Moscow said it planned to hold nuclear exercises to test ballistic and cruise missiles as President Vladimir Putin blamed Kyiv for “escalating” tensions in eastern Ukraine where Moscow-backed separatists have ordered an evacuation of civilians to Russia.
The developments heightened fears that Russia is planning to invade Ukraine after the US warned an attack was “imminent” and raised its estimate of Russian troops massed on Ukraine’s border to more than 169,000.
Russia’s defence ministry said on Friday that units from its air force, army and navy would take part in the drills to test its launch crews and personnel as well as its nuclear and conventional weaponry. Putin will personally supervise the drills.
“We are seeing an escalation in the Donbas,” the Russian president said on Friday after meeting his Belarusian counterpart Alexander Lukashenko.
He denied Russia was planning to invade, adding: “Of course, we are looking at what is happening around the world and around us. But we have clearly defined guidelines in line with the national interests of the Russian people and the Russian state.”
The timing of Russia’s nuclear drills, which US officials had interpreted as a show of strength by Moscow to Nato, will further add to the sense of foreboding in western capitals over Russia’s intentions in Ukraine. US president Joe Biden warned on Thursday that Russia was on the brink of invading Ukraine within “several days”, saying Washington believed the Kremlin was engaged in “a false flag operation to have an excuse to go in”.
“A new war threatens to break out in the middle of our Europe,” Annalena Baerbock, the German foreign minister, said in a speech to the Munich Security Conference on Friday. “This is one of the most dangerous moments, where from provocation and disinformation we can see escalation.”
Michael Carpenter, US ambassador to the Organization for Security and Co-operation in Europe, provided the US’s updated estimate of troop numbers near Ukraine and described it as “the most significant military mobilisation” on the continent since the second world war.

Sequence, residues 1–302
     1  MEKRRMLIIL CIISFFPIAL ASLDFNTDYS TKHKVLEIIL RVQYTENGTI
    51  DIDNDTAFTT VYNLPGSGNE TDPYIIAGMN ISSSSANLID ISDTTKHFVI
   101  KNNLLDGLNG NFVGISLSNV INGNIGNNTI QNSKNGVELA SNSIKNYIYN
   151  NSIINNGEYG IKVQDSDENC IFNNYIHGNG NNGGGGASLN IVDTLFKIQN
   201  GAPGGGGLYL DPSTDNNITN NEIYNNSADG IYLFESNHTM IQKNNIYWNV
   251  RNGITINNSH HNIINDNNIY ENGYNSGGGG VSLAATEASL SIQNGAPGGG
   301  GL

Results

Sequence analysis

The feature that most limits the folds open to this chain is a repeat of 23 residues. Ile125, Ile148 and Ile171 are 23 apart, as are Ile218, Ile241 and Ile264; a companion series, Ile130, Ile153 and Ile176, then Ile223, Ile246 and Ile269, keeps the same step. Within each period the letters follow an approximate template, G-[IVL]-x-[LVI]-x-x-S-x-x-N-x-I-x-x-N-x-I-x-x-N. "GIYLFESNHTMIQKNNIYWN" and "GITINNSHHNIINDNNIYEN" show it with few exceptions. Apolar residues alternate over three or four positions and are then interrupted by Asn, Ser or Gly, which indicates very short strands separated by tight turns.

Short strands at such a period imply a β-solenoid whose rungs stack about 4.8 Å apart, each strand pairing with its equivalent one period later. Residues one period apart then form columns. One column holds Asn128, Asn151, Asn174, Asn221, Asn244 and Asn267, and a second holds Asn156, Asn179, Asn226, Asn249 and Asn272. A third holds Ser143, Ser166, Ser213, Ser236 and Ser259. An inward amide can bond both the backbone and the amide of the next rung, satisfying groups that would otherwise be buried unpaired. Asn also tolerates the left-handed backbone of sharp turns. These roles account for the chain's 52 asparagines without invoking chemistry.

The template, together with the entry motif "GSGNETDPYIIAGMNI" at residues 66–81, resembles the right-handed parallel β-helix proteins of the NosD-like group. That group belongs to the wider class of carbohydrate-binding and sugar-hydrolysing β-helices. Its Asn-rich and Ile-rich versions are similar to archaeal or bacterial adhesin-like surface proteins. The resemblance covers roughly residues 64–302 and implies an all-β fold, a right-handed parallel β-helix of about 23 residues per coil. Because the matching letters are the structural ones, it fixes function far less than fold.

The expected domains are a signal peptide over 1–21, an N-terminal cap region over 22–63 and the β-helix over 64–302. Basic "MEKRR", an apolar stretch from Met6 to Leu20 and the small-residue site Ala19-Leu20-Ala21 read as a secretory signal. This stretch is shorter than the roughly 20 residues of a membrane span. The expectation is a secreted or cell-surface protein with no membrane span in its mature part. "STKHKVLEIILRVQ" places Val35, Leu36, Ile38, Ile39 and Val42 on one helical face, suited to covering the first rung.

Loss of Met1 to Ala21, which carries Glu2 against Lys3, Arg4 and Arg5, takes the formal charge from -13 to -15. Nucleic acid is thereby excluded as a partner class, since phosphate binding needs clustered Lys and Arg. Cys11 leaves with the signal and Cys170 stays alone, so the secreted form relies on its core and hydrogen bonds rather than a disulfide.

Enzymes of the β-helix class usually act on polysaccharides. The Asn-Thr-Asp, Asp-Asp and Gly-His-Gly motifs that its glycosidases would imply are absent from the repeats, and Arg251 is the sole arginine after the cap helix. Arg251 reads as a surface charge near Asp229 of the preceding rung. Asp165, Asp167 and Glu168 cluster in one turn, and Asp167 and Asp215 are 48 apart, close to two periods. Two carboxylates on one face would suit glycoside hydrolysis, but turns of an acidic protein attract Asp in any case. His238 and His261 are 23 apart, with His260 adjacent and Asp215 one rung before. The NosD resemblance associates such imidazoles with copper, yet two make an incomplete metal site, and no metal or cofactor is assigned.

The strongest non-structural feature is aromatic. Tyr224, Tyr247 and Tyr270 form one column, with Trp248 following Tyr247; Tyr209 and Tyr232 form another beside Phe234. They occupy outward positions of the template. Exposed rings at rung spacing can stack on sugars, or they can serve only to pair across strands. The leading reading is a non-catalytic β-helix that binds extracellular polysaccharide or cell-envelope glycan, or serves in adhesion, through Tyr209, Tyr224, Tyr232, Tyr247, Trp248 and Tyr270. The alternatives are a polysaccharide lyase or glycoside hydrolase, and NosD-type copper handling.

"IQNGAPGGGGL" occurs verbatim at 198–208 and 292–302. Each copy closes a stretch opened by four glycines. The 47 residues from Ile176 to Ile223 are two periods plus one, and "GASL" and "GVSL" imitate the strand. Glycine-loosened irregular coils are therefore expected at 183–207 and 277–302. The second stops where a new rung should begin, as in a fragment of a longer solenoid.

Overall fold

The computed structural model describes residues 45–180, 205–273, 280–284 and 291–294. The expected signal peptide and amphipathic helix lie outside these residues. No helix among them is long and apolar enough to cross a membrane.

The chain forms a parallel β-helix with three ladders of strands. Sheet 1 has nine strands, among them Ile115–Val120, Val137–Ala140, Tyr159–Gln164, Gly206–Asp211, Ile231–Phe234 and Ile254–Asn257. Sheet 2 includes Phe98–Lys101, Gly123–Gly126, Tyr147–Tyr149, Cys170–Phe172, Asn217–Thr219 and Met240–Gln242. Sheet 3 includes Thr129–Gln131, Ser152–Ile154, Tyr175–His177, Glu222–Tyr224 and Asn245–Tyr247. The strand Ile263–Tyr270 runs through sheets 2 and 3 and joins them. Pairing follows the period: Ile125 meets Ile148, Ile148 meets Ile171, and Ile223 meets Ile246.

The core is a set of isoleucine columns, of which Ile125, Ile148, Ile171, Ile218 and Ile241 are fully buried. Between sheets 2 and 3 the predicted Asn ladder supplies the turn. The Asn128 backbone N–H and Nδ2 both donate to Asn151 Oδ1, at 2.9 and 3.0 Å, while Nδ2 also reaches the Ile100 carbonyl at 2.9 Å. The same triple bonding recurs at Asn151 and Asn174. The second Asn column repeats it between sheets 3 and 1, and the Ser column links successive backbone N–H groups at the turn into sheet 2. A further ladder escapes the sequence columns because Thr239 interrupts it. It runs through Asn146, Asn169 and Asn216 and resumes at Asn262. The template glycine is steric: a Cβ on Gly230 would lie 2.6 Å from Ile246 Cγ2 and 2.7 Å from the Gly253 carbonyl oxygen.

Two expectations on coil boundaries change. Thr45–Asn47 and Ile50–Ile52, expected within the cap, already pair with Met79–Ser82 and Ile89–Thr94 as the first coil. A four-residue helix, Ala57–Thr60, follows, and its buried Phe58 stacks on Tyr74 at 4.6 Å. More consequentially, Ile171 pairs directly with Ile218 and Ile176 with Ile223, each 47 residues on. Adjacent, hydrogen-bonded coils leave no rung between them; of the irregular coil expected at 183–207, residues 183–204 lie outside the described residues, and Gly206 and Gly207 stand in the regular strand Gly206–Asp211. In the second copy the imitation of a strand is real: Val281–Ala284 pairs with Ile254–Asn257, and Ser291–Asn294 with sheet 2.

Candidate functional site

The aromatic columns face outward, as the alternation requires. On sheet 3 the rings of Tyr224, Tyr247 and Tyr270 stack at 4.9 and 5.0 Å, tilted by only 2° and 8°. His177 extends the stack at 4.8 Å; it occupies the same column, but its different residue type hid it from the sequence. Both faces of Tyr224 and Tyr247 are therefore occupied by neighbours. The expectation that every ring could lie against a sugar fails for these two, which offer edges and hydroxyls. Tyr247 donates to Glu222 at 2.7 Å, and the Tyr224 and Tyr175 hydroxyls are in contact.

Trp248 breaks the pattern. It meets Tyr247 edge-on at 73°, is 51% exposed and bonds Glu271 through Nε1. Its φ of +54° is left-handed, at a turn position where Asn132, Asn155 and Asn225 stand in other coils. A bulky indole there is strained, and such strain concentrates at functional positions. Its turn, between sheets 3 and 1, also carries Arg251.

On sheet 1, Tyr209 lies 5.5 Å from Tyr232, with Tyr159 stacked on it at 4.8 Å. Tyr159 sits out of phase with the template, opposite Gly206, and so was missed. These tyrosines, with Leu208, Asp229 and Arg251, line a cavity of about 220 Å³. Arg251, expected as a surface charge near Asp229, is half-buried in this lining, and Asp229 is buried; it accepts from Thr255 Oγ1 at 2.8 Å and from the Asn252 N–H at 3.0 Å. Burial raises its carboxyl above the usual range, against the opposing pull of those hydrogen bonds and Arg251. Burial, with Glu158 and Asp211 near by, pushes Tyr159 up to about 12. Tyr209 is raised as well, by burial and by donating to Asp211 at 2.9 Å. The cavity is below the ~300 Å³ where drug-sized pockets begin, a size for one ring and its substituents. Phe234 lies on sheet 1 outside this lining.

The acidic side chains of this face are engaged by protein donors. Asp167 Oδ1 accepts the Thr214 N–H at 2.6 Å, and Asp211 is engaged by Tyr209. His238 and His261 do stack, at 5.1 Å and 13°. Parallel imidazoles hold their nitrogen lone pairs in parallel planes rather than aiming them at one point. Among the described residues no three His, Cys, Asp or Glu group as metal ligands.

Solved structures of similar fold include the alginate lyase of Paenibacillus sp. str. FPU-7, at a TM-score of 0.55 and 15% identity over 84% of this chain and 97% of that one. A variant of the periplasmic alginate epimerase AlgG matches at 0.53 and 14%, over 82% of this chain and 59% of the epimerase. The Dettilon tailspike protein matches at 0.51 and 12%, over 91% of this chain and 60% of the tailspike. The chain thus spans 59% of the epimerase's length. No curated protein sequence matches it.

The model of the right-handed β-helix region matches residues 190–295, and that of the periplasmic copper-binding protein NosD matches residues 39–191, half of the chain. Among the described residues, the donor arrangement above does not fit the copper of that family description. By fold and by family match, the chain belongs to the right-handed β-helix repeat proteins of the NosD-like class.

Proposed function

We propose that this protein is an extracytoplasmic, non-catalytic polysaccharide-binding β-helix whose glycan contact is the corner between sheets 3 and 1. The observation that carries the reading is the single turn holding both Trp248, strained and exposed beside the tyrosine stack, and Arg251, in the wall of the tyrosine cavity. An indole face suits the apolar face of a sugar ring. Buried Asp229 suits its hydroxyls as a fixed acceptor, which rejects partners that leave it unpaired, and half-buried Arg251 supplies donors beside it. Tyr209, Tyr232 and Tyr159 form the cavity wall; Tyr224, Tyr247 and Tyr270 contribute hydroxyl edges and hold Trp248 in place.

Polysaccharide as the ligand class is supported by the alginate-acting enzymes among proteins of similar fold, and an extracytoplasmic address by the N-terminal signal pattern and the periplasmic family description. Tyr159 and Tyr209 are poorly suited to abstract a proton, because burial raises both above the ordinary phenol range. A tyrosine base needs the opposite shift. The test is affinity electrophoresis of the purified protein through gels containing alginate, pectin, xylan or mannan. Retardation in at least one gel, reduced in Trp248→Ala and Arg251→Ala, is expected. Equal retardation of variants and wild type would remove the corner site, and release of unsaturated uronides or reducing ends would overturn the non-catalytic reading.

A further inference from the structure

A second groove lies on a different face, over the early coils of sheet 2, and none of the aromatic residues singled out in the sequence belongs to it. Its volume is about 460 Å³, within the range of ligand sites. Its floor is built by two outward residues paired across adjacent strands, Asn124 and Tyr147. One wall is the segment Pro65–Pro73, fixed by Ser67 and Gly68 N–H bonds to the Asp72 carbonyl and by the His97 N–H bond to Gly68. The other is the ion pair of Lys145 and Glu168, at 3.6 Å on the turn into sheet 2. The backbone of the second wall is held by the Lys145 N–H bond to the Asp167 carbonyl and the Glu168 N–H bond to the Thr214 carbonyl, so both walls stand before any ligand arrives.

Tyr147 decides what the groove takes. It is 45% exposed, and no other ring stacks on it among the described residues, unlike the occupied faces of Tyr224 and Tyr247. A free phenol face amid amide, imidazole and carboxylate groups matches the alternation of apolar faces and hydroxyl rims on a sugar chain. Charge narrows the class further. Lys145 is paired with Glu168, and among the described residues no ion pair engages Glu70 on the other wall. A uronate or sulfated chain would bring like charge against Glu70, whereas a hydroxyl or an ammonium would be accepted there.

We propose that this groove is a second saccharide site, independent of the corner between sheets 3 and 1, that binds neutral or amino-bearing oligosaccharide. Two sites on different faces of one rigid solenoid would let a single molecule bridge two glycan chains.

As Ukraine and Russia accused each other of shelling in the Ukrainian region of Donbas, the separatists fighting Kyiv announced that they were evacuating women, children and the elderly to Rostov in southern Russia, the nearest major city.
Denis Pushilin, head of the self-proclaimed Donetsk People’s Republic, claimed in a video message that Ukraine’s President Volodymyr Zelensky had given the Ukrainian army orders to attack the separatists “in the next few hours”. He did not provide evidence.
But Dmytro Kuleba, Ukraine’s foreign minister, “categorically” denied what he called “Russian disinformation reports” on Kyiv’s alleged offensive operations or acts of sabotage. “Ukraine does not conduct or plan any such actions in the Donbas,” he said.
Ukraine’s army says it recorded 60 ceasefire violations in the past 24 hours in the war-torn region, including 43 artillery salvos, that it said were attempts by Russia and its proxies to trigger a pretext for further aggression.
Although the Kremlin said the annual nuclear exercises — which were not held in 2020 or 2021 because of the pandemic — were long planned, the last time the exercises were moved to February from their usual autumn timeframe was shortly before Russia invaded Crimea in 2014.
Dmitry Peskov, Putin’s spokesperson, told reporters the exercises were regular and should not “give anyone cause for questions and concern”.
Russia has the largest nuclear forces in the world, with just under 4,500 warheads in its stockpile. The nuclear drills follow its massive military exercises in Belarus, which are set to end on Sunday.
Putin said on Tuesday that Russia had begun pulling back its forces from the Ukrainian border, but western countries have accused Moscow of publishing videos of tanks and artillery supposedly heading back to base as a smokescreen for further troop deployments.
On the same day it unveiled planned nuclear drills, Moscow also said it would pursue talks with western powers after Antony Blinken, US secretary of state, invited his Russian counterpart Sergei Lavrov to meet in Europe next week to discuss “mutual security concerns”. Russia’s ambassador to the UK said the meeting could be held in Geneva or Finland, according to Interfax.
Moscow has said it is willing to talk about issues such as arms control and deconfliction measures, but insists it would only do so as part of a broader discussion of its core security grievances with Nato.
In Ukraine, defence minister Oleksii Reznikov told parliament on Friday that the probability of a major escalation was “low”.